Monday, alas, was our last day of festivities, but it did allow me the time to attend a quite amusing discourse on the world of map-making for the Disc and Ankh-Morpork. An alternately rapt and rowdy audience was informed that not only will there soon be a new map of the Disc coming to us from that historic establishment, The Discworld Emporium, but also that at some time in the near future, we will be able to purchase deeds for real estate in the great city of Ankh-Morpork; complete with a bill of sale and detailed description of each property being sold. I have already informed the proprietors of my desire for a choice and historical piece of property in the most exclusive environs, and expect to soon be able to direct everyone to the new address of Ms. Snake Eyes Burke, Esq.
That concludes my news of Discworldian festivities to this point. I hope you have been at least slightly diverted by my report.
With all sincerity and fond wishes,
Ms. Emily S. Whitten, Esq.
a.k.a. Snake Eyes Burke
Postscript: As per our continuing correspondence, please Servo Lectio!
TUESDAY AFTERNOON: Michael Davis
WEDNESDAY MORNING: Mike Gold
This is very good news. Dragon*Con announced this on their Facebook page today:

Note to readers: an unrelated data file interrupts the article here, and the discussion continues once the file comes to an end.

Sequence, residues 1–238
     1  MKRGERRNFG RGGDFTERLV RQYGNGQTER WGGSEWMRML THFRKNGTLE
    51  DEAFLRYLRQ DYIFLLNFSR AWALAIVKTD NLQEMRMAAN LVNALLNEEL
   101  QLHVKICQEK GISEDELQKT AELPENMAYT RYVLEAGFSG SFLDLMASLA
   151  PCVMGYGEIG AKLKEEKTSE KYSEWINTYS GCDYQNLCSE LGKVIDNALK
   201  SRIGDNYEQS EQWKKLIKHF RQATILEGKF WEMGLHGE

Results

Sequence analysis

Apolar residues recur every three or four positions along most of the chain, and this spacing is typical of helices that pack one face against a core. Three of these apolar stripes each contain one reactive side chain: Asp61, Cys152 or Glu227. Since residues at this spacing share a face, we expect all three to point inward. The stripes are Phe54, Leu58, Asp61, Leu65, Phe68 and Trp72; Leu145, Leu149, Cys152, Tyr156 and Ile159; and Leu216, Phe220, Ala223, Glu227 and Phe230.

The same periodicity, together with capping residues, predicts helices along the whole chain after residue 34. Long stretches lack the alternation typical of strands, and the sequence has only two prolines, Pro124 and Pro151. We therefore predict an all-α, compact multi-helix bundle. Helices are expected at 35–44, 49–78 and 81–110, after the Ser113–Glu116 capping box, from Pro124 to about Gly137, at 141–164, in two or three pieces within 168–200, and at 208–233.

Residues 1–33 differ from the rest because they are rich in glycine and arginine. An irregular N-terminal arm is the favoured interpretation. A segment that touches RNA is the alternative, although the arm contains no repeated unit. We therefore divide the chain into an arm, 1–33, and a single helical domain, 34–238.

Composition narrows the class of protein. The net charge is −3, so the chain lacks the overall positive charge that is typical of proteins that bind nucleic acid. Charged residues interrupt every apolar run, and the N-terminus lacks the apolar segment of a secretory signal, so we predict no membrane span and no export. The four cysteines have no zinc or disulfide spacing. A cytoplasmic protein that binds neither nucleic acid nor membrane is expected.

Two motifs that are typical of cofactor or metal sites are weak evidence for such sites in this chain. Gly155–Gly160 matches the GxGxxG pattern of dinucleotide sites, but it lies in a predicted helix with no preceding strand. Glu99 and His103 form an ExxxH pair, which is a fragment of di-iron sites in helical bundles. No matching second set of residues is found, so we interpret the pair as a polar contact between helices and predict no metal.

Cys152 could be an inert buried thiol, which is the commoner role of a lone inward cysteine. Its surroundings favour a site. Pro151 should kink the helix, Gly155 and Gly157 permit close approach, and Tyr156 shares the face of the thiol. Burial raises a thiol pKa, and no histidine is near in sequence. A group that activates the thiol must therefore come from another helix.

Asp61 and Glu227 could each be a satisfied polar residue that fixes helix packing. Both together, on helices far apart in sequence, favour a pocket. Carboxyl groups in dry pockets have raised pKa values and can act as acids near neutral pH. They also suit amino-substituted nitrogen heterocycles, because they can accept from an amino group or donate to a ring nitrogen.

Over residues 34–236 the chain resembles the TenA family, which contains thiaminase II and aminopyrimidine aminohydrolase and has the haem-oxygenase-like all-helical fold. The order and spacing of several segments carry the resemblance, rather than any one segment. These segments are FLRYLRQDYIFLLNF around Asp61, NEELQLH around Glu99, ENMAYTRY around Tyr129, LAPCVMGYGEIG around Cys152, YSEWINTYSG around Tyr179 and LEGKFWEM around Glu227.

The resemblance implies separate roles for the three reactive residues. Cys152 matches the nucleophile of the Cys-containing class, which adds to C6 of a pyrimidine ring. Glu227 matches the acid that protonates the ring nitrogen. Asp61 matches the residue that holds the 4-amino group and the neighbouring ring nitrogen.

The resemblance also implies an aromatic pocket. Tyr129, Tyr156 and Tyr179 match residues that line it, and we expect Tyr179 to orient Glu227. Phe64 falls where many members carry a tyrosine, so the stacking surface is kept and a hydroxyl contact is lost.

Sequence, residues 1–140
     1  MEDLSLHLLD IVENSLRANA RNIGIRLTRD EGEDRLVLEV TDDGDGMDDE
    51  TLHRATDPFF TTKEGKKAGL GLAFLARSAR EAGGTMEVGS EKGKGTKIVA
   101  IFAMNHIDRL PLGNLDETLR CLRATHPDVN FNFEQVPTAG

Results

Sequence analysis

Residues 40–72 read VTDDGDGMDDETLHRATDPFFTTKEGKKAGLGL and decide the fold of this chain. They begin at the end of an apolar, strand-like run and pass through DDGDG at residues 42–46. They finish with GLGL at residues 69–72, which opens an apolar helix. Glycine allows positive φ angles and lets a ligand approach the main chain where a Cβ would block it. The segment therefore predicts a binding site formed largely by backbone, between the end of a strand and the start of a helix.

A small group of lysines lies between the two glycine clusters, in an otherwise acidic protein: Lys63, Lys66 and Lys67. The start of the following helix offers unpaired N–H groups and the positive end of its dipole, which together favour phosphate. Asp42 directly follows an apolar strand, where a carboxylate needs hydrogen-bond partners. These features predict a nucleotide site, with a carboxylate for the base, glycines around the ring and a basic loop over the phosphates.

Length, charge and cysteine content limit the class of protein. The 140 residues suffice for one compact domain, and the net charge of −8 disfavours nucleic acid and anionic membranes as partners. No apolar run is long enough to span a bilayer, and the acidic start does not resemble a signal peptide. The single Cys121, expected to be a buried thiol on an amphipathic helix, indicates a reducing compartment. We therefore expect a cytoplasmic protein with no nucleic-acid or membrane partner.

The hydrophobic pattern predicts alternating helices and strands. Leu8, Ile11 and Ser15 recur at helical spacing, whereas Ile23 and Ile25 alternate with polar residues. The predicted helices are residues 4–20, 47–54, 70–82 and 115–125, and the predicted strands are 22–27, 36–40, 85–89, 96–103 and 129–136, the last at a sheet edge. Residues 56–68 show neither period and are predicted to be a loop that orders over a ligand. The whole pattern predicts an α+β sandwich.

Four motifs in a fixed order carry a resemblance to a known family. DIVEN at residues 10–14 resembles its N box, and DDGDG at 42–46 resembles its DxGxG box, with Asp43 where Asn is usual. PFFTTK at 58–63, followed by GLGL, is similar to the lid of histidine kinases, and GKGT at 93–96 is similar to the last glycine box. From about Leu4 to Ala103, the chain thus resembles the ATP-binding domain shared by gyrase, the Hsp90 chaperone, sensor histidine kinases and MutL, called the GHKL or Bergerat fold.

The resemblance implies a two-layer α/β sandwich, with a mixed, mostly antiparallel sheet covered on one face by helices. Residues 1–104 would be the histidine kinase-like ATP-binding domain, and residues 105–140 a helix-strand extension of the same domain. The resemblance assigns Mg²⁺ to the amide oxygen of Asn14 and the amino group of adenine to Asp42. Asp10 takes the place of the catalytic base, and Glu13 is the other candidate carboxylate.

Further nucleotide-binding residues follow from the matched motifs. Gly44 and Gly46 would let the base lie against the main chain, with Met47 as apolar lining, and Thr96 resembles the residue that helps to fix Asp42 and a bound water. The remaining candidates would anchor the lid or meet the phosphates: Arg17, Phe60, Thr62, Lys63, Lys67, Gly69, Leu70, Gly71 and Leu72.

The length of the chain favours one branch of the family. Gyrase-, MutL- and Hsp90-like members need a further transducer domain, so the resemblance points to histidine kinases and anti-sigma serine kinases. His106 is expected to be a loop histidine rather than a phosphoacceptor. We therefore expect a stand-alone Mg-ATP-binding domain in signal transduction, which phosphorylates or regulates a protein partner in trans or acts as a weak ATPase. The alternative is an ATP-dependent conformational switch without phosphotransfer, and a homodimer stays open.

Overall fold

The Board of Directors and Shareholders of Dragon Con / ACE, Inc., producer of Dragon*Con, Atlanta’s internationally known pop culture, fantasy and sci-fi convention, have agreed to merge the company into Dragon Con, Inc. (Dragon Con) in a cash-out merger.
Led by Pat Henry, David Cody and Robert Dennis, ownership of Dragon Con includes five of the six founding owners of Dragon Con / ACE (the old Dragon Con). The effective date of the merger is July 8, 2013.
Edward Kramer, who has not had any role in managing or organizing the convention since 2000, was offered cash for his shares in the old company. Financial terms of the transaction were not disclosed.
“This decision only affects the ownership of the old Dragon Con,” said Pat Henry, President and Chief Executive Officer of Dragon Con. “Our members and others who attend Dragon*Con 2013 will experience the same fantastic convention they have come to expect from us.”